The best aspects of A Culinary Legacy: Recipes from a Sephardi Egyptian Kitchen are its storytelling and authenticity. Each recipe is accompanied by a narrative, connecting the dish to its cultural and historical context. It supplies a comprehensive introduction to the Sephardi Egyptian kitchen, including staple ingredients and common cooking techniques, which thoroughly prepares readers for the culinary journey ahead. This allows them to cook each dish confidently and with eager anticipation. Even those unfamiliar with Sephardic cuisine will be able to pull off these dishes at home thanks to the clarity of instructions, guiding narrative, and ever-useful ever-present selection of tips. 

About The Author: Born in Egypt to a Sephardi family, Viviane Bowell grew up surrounded by the rich culinary traditions that she now shares through her cookbook. Bowell, who now lives in London, is a regular contributor to food magazines and newspapers, and she has appeared on several television programs. 

Dining on the Nile: Exploring Egyptian Cooking by Sally Elias Hanna

  • Total Recipes: 135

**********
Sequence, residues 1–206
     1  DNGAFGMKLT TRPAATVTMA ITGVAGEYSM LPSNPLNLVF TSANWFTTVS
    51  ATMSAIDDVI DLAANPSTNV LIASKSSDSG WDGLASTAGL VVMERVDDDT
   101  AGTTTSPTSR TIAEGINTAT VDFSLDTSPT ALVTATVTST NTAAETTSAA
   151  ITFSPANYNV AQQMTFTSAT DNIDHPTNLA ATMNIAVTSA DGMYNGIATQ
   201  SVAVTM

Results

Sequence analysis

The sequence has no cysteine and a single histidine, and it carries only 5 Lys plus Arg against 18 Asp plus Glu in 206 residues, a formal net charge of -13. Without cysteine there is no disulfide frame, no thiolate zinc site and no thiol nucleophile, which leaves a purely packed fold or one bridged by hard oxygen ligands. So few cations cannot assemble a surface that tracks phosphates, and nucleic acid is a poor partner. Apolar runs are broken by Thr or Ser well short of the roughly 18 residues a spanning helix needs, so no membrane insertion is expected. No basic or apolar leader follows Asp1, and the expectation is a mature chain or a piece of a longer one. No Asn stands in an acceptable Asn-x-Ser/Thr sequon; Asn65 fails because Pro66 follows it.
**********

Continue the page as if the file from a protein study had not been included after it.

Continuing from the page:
• Total Pages: 132
  • Recipes Preview: Mulukhiyah (Jute Mallow Stew), Stuffed Grape Leaves, Falafel
  • The Best Recipe We Want To Try: Koshari (Egyptian National Dish – Fried Rice)
  • Affordability: Moderate

Dining on the Nile: Exploring Egyptian Cooking provides a fresh perspective on the cuisine of Egypt. Readers can look forward to an impressive collection of recipes that bring to life the unique flavors and textures of Egyptian food. The focus on authenticity and simplicity is what sets this cookbook apart, presenting recipes that respect traditional preparation methods while also being accessible to home cooks. The structure reflects the typical meal structure in Egypt, moving from appetizers to main dishes, then to desserts and drinks. All of the meals can be considered true examples of cuisine typically enjoyed by Egyptian Coptic Christians.

The recipes included in Dining on the Nile come from a variety of sources – some have been passed down through generations of the author’s own family, while others have been carefully researched and adapted from traditional Egyptian cooking. This authenticity is also evident in the way the recipes are presented, with each dish accompanied by its name in both English and Arabic, offering readers a deeper connection to the cuisine. This is a cookbook that goes beyond being a mere recipe book. It acknowledges the social and cultural significance of food in Egyptian society, highlighting how certain dishes are associated with specific holidays and celebrations.